South Amboy Making Strides After Sandy

Middlesex County’s Gateway to the Jersey Shore Rebuilds and Reinforces Beachfront Property Nearly Three Years After Hurricane Sandy

During the course of this Spring, Hurricaneville has made a number of journeys over to South Amboy, New Jersey and its Waterfront Park, which faces Raritan Bay.  Nearly three years after Hurricane Sandy slammed ashore to the south near Atlantic City, the small town known as the Gateway to the Jersey Shore has rebuilt and refortified its precious beachfront property.  

It took some time, but the plan went into action during the summer and fall of 2014, and by the spring, South Amboy’s crown jewel, Waterfront Park, and adjoining beachfront looks even better than it did before October 29, 2012. I travel over to South Amboy a lot, and for several different reasons.  I drove over to Waterfront Park and the South Amboy beachfront on the night that Hurricane Irene grinded her way up the Jersey coast.  I was also there during the early afternoon on the day that Sandy made landfall in the Garden State.  

Two weeks after Sandy blew through, I headed over there again.  It was night and day as far as what I saw the day the storm hit, and this chilly late fall day in Mid-November 2012.  The beachfront was tattered and torn to say the least, and I didn’t capture the full story.   During the spring and summer of 2013, I got an even better picture of what Hurricane Sandy did to this small coastal community in Middlesex County, New Jersey.

During each visit to the South Amboy beachfront in the late fall of 2012, and the following spring and summer of 2013, I marveled at what I seen.  I saw large boats run aground by the record storm surge that was generated by Sandy.  Beach grasses and other vegetation was wiped out.  Walkways were rendered unsafe by the power of the water undermining it.  The fence along the walkway by the bench was twisted and battered.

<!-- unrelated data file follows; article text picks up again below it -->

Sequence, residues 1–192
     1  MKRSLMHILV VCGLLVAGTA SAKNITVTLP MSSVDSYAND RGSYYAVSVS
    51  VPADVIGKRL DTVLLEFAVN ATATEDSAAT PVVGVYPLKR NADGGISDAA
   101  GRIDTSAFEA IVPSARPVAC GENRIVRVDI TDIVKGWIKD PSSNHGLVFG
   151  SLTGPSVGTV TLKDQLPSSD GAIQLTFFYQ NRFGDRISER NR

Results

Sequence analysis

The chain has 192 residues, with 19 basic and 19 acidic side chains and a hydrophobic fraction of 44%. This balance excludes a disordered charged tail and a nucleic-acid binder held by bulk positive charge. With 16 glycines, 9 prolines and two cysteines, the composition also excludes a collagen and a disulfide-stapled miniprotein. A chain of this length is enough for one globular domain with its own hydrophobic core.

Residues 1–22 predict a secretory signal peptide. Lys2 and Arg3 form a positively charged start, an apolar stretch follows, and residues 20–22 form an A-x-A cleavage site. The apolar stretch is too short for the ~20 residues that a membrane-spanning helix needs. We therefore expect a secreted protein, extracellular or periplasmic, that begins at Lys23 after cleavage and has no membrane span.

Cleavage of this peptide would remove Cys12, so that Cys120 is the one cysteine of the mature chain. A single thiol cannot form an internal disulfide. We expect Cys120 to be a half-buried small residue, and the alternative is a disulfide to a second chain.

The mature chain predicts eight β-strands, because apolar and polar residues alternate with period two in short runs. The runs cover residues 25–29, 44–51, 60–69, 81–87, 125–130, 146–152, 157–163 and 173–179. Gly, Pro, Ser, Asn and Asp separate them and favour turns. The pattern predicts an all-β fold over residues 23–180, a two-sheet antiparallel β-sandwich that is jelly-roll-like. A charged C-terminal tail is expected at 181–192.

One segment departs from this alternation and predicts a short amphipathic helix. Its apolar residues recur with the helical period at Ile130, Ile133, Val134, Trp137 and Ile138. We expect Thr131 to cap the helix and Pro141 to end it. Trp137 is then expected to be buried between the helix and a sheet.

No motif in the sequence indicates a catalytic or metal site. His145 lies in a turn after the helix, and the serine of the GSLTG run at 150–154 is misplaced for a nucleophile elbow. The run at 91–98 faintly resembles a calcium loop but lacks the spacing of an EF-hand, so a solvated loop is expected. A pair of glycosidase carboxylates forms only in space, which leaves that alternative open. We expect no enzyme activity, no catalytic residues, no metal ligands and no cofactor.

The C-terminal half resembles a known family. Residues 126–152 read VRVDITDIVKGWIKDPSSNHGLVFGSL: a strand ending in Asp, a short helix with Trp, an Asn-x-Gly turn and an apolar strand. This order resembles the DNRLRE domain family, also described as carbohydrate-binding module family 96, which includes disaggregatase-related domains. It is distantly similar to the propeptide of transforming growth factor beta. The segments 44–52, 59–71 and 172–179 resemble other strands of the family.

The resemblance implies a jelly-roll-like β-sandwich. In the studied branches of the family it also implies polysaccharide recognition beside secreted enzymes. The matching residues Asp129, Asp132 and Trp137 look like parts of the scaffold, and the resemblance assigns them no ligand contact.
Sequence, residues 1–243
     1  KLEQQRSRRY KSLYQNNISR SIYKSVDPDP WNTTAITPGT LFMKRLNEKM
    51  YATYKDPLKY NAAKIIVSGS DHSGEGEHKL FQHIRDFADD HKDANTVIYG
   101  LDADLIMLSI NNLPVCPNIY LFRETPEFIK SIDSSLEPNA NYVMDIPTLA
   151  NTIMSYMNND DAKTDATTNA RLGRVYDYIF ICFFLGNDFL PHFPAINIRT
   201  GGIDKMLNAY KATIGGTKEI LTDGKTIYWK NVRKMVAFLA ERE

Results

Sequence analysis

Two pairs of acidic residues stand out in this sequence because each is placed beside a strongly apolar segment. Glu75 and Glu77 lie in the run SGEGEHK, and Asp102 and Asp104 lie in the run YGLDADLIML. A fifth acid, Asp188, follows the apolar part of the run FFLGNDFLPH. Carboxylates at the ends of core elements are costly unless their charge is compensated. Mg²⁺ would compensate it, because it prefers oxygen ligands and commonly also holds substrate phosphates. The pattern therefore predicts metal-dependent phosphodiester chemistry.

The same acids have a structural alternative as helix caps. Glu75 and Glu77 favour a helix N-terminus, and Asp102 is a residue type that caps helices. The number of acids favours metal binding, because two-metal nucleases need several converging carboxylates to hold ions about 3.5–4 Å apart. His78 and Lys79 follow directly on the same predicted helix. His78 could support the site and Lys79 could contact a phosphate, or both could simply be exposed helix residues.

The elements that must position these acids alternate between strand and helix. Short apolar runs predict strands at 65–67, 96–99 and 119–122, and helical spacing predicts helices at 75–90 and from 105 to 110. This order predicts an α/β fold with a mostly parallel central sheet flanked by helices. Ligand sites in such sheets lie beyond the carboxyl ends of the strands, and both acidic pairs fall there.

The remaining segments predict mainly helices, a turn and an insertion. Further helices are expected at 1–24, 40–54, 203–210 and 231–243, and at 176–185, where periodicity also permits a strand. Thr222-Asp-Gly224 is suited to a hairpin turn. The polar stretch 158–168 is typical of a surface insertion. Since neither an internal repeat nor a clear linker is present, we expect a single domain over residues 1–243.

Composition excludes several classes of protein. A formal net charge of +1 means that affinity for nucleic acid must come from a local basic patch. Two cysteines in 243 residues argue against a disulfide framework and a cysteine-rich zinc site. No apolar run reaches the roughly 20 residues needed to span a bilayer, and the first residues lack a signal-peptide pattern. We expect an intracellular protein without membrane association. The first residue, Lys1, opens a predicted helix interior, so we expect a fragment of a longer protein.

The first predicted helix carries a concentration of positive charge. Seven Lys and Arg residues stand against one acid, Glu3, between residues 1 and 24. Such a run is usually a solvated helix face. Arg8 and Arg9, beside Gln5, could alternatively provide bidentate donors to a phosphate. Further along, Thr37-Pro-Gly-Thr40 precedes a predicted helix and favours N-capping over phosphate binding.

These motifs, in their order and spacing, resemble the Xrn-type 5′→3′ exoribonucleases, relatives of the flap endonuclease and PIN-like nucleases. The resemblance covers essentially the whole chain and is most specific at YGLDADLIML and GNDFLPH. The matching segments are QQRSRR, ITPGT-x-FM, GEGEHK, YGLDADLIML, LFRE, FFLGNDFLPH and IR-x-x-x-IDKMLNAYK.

To comprehend the shear power of that surge that came in from Raritan Bay, all you would have to do is look at the small bridge that connects Waterfront Park to the beachfront homes nearby.  Bricks in the bridge’s walls were ripped off.  You could see the metal cabling used to hold the bricks in place.  In other words, you could see the actual internal skeleton of the bridge.  Down the part of the walkway that is adjacent to the beachfront homes, places where there were park benches were swept away.

Fast forward to today, over two and a half years after Hurricane Sandy, and the beachfront looks as if the storm never even happened.  The only scars you may see is the refortification of the beachfront properties with berms.  The bridge connecting the park to the beachfront homes has been completely repaired, and looks as good as new.  An improved sea wall protects much of the beachfront properties and the adjacent Waterfront Park.  New vegetation has been planted while others have returned.  

The walkway itself has been completely rebuilt down to the lights that light up the way.  The stairway that allows you to get on the beach, which was badly damaged by the storm, has also been replaced as well as the fencing along Waterfront Park.  It’s hard to imagine how all of this was either heavily damaged, or completely destroyed.  The rebuilt beachfront has taken some lessons from Irene and Sandy with the enhanced sea wall and berms to better protect homes near the water.  Views of the water are obscured, but it is all for the best.  I don’t know exactly how all of this came together, but the final result is a job well done.

South Amboy has been a resilient community in the wake of Hurricane Sandy.  Less than two months after the storm.  Residents of the town got together to have a benefit for other residents of the town hit hard by the storm.  It became known as the Friends of South Amboy Benefit Games, which were basketball games between both the boys and girls teams from South Amboy High School, and crosstown rival, Cardinal McCarrick.  It was the first time that these two schools played each other since 2008, and it was a thrilling boys hoops game that went to overtime to cap the evening.

Two years later, they are still playing the benefit games, but now for different causes.  Nevertheless, these contests have brought out the best of the town, and it all began in the hours and days after Hurricane Sandy made landfall.  This rebuilding project shows South Amboy and Middlesex County’s can-do spirit.